English: Luggage compartments of an Airbus 340-600 aircraft (economy class). (Photo credit: Wikipedia)
Jack Heffron, writing in Writer’s Digest, suggests that “your subject remains inert until you add the precise detail that brings it, in the reader’s mind, to life.” These added details can add life to both settings and characters. To demonstrate the point, here is a basic scene- a character and a setting- followed by improvements:
At the airport, Stacey Jackson waits for her luggage. She was in Borderville for a private viewing at her mother’s funeral but, before returning to Field, is meeting Herman and spending a day and a night in Banff.
The More Precise Scene:
At the Calgary airport, Stacey Jackson, her plaits of honey-colored hair hanging well below her shoulders, stands on the hard, grey, tile floor of the baggage pick-up area. An airport volunteer, dressed in his white cowboy hat and bright red vest, passes behind her several times. As she shifts her weight from one leg to the other, her soft-blue eyes scan the moving, silver-slatted conveyor belt for any sign of her nothing-fancy luggage bags.
She was in Borderville, dressed incognito in a black wig and dark glasses, for a private viewing at her mother’s funeral. Now, before returning to the small town of Field, located in the Kicking Horse River Valley of southern British Columbia, she’s meeting Herman and spending a day and a night in the town of Banff.
How We Get These Details
We get these preciase details by observing the worlds we’re talking about and, to quote Jack Heffron, “scribbling down the precise details that tell the story.”
For instance, say I need a hospital setting in one of my scenes. Then I need to visit a hospital and note the precise details. Here is an example:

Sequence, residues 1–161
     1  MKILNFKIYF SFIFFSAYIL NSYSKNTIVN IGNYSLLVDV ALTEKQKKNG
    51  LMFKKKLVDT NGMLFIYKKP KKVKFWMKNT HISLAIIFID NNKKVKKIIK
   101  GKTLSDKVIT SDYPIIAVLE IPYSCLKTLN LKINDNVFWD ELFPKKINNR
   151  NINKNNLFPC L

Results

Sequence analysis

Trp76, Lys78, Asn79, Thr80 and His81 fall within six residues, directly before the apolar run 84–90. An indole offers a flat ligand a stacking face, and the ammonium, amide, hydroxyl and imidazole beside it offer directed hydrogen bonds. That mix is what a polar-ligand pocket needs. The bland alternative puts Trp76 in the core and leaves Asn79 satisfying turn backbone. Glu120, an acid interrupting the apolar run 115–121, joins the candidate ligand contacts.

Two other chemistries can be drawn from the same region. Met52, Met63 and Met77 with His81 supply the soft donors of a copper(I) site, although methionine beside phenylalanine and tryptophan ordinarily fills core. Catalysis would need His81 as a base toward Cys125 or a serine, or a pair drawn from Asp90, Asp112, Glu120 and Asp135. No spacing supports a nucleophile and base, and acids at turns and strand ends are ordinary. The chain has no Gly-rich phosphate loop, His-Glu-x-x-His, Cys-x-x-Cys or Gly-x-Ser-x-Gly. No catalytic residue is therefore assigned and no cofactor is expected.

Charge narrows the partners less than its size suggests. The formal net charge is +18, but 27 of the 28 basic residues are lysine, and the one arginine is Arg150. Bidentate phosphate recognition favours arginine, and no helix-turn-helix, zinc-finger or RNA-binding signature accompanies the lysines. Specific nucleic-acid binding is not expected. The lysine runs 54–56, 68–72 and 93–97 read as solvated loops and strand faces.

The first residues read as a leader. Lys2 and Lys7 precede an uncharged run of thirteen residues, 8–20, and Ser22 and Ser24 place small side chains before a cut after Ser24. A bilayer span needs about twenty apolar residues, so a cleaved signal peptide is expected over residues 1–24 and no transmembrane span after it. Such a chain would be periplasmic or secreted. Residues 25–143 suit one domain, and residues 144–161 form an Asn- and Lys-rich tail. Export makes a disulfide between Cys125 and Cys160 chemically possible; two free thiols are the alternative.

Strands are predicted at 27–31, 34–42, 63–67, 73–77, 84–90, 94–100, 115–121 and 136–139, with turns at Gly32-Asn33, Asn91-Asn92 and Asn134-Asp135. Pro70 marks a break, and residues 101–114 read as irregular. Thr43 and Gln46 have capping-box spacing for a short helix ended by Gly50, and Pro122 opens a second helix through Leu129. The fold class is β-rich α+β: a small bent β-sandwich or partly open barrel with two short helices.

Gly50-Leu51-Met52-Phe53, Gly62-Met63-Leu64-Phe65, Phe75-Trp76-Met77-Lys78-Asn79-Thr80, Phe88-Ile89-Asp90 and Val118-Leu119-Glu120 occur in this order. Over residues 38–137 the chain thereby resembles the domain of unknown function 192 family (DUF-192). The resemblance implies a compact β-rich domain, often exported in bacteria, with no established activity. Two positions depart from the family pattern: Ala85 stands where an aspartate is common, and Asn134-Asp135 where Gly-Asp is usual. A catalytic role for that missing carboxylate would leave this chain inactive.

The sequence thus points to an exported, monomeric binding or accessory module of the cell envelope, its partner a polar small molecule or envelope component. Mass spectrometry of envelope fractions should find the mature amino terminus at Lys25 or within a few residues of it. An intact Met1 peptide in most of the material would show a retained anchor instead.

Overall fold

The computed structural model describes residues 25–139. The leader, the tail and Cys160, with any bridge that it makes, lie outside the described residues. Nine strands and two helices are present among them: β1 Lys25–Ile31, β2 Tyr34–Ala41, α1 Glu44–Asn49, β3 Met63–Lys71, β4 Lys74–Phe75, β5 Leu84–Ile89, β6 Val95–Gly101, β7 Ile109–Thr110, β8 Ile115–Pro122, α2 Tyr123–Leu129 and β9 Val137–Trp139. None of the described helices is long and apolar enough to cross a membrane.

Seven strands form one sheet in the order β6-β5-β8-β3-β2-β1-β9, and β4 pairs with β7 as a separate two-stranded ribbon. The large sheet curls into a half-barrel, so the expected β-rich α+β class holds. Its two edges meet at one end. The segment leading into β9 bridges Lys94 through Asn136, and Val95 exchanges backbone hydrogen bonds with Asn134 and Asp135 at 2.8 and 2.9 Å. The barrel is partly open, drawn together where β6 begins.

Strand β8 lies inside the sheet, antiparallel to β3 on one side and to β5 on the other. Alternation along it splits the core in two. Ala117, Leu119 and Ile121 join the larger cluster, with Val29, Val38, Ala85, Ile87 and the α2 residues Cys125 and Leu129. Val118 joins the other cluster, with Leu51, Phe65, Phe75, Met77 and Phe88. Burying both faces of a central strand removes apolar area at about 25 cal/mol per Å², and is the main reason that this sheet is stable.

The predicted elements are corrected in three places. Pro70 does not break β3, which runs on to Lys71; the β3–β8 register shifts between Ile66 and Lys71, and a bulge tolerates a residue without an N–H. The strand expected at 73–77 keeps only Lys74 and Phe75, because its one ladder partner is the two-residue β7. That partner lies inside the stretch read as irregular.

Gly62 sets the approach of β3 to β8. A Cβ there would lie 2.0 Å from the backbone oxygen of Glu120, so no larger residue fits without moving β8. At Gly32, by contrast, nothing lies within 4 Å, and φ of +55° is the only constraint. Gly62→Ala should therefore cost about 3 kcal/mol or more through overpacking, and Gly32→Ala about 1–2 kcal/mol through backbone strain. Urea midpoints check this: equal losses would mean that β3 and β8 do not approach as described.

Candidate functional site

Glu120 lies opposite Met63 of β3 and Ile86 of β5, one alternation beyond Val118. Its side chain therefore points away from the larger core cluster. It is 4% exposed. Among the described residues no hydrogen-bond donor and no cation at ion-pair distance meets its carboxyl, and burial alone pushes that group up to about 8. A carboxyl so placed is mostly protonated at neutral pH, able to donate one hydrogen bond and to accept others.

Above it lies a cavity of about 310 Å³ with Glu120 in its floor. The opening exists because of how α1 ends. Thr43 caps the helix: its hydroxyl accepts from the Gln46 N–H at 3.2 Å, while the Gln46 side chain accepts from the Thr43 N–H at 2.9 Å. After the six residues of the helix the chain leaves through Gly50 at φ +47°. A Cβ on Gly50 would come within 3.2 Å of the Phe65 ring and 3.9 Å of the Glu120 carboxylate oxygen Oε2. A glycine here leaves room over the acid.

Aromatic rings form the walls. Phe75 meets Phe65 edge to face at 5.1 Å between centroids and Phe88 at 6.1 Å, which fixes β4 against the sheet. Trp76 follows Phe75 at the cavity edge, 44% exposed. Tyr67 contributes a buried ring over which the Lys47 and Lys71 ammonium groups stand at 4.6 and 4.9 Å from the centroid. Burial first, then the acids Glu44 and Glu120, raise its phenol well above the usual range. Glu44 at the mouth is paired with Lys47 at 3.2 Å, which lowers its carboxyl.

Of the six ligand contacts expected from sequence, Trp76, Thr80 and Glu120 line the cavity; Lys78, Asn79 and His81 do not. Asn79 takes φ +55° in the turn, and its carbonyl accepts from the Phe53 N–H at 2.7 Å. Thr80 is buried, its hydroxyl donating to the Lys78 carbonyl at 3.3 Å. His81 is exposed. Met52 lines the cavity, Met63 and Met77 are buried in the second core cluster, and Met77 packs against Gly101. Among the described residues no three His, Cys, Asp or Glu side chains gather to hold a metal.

Approaching the lobby, Sean scans the scene at the drop-off zone: several patients standing, taking long, lazy drags on cigarettes, their IVs still attached; and a couple of nurses smoking, a puzzling scene, although he knows the grip of cigarettes, having witnessed Jenny’s unsuccessful attempts at quitting.
The lobby is bright and inviting with easy chairs for relaxing. A coffee counter graces one side and a gift shop the other. But the slight disinfectant smell says hospital, not Chapters with a Starbucks: It’s a place he doesn’t want to be.
One wall contains a sign in bright red letters: Emergency. Next to it is an arrow pointing right. He walks briskly toward the sign, passes an elderly I.O.D.E. volunteer dusting the gift-shop counter, turns right, and then heads down a long hall.
Several doors with signs in black lettering on plastic backgrounds- cleaning, employees only, and emergency exit only– lead from the hall but Sean continues to the end and turns left
He’s immediately surprised by a room full of people sporting plaster casts, crutches, and an assortment of braces. Another elderly volunteer in a pink uniform is walking amongst them. He corners her and asks, “Excuse me. Where is the emergency room?”
The volunteer points to a doorway on the far side of the fracture clinic and politely says, “Over there.”
So, revisit a draft of your writing and try adding precise details.
- Heffron, Jack. 25 Ways to Improve Your Writing. Writers Digest. Feb. 2011.